Colin Williams, a public policy professor, shared an article on the likelihood of a million people in the UK planning to give up self-employment because their earnings had been exhausted due to the Covid-19 pandemic.
A London School of Economic (LSE) study revealed that the two-decade long trend of people choosing to work for themselves was under threat, much ahead of the release of the official data that was most likely to report a jump in unemployment rates.
The LSE’s Centre for Economic Performance (CEP) study further found that in August, when economic activities resumed after the first lockdown, about 58% of the UK’s self-employed workforce had less work than earlier.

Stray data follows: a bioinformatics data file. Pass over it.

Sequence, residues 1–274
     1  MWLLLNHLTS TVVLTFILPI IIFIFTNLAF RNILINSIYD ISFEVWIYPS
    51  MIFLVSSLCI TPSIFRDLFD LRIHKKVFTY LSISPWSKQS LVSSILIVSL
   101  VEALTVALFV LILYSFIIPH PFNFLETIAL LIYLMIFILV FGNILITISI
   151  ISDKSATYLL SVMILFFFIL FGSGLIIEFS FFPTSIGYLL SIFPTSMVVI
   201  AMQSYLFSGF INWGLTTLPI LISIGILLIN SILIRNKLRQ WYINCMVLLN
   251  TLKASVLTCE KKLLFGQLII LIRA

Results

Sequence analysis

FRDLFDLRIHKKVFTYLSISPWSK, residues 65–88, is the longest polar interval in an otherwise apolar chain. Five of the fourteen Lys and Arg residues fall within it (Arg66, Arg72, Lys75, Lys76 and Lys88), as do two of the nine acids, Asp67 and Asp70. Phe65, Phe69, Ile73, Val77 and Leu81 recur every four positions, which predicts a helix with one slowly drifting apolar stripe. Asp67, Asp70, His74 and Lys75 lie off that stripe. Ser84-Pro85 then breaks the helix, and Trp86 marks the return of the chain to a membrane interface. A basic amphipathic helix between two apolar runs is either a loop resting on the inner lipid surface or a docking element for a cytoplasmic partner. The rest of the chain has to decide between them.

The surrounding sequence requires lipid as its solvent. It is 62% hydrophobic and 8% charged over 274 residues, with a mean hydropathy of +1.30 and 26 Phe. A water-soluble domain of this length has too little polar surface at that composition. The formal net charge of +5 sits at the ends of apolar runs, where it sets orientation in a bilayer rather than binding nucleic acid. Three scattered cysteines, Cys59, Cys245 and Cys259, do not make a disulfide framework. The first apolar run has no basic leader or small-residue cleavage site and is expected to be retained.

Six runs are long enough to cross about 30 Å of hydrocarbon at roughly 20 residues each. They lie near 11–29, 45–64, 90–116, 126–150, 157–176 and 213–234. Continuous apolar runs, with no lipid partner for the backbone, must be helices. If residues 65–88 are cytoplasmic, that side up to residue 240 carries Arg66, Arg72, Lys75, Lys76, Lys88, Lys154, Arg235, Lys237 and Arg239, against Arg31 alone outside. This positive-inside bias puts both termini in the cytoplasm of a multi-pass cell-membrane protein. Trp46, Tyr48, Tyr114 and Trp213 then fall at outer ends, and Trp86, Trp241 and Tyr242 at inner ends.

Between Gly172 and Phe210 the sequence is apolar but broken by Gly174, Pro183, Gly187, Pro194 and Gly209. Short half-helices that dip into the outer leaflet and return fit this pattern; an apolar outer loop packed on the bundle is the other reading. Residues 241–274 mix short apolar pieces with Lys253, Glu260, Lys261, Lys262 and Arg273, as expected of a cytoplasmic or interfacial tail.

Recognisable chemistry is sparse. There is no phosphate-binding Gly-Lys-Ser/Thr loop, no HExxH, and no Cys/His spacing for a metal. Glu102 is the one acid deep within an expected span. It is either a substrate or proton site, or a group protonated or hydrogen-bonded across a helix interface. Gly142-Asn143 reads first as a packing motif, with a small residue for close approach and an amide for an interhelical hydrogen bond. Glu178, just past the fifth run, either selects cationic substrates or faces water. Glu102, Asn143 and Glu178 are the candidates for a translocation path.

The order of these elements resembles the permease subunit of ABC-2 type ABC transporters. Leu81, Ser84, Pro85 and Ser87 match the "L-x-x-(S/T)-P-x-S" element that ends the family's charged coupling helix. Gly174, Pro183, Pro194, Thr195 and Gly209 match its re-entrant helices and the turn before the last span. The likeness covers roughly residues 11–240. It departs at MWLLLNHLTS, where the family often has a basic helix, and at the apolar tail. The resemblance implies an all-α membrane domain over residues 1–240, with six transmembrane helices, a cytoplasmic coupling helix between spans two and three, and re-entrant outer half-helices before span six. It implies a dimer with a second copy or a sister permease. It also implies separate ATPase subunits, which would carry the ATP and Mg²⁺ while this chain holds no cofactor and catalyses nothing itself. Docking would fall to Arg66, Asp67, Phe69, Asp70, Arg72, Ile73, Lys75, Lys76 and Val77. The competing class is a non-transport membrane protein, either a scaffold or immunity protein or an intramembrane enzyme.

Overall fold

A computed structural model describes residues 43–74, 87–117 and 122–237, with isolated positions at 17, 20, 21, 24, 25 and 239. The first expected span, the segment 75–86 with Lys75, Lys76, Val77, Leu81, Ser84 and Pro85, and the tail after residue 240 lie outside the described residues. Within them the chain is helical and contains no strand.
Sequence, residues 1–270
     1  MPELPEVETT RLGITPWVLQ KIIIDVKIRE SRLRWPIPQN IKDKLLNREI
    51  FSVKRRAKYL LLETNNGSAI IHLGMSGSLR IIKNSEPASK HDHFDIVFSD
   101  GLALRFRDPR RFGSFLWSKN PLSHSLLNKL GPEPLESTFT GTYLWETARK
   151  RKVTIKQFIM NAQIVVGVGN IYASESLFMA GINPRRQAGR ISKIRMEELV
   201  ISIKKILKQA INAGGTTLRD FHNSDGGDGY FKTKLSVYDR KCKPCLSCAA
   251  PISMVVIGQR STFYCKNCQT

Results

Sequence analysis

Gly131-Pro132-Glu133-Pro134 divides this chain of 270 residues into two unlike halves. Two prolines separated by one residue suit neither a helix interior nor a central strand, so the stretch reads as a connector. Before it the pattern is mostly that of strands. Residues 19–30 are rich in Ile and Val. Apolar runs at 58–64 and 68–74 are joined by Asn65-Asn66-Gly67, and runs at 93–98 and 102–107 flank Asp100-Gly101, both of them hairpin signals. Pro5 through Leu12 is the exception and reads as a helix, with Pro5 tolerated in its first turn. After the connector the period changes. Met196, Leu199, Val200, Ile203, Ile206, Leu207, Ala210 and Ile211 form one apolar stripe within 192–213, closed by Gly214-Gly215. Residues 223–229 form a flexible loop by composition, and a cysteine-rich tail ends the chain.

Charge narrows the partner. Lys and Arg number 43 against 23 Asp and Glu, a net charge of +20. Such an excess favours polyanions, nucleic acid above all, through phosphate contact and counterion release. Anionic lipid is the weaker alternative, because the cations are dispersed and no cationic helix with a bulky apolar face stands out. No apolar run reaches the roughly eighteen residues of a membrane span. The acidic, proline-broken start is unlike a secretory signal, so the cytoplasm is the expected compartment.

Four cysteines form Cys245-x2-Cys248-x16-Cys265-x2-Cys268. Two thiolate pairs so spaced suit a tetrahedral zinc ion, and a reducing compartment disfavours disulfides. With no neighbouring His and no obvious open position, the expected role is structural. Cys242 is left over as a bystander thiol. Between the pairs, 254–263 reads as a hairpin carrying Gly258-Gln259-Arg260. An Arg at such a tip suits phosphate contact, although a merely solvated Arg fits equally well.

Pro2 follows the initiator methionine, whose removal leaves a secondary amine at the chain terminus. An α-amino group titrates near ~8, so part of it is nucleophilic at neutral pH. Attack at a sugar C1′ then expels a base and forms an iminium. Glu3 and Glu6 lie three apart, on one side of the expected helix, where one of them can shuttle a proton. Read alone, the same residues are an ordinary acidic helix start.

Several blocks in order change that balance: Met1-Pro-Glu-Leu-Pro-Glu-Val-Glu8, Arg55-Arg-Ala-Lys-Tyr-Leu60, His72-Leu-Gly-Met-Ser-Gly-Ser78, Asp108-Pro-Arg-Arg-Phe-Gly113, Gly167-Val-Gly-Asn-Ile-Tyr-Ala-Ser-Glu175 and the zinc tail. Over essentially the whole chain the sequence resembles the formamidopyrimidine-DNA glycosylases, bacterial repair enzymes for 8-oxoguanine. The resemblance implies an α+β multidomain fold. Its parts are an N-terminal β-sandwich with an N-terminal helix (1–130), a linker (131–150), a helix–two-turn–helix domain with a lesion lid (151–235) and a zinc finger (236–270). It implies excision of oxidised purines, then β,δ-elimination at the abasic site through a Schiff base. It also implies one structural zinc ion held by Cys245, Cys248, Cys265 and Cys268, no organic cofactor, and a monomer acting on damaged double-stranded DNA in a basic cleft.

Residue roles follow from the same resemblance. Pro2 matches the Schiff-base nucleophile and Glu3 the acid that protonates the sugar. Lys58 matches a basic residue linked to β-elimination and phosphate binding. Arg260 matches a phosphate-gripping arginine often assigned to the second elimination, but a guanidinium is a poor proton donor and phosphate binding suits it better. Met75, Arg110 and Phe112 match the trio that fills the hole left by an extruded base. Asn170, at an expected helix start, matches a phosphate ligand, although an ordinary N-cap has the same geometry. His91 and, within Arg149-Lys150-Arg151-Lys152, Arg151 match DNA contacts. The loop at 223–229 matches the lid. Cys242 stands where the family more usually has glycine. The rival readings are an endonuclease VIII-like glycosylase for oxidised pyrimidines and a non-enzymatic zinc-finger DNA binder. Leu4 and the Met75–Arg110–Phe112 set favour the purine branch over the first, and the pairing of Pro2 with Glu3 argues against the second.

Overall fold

About one-fifth of the self-employed workers contemplated quitting work altogether, rising to 58% for those below 25 years.
Stephen Machin, co-author of the report and director of CEP stated that self-employment, a key trend in the labour market, was showing early signs of reversing.
The CEP, who surveyed 1,500 self-employed workers, also found that approximately 32% of the surveyed workers had less than ten hours of work every week in August.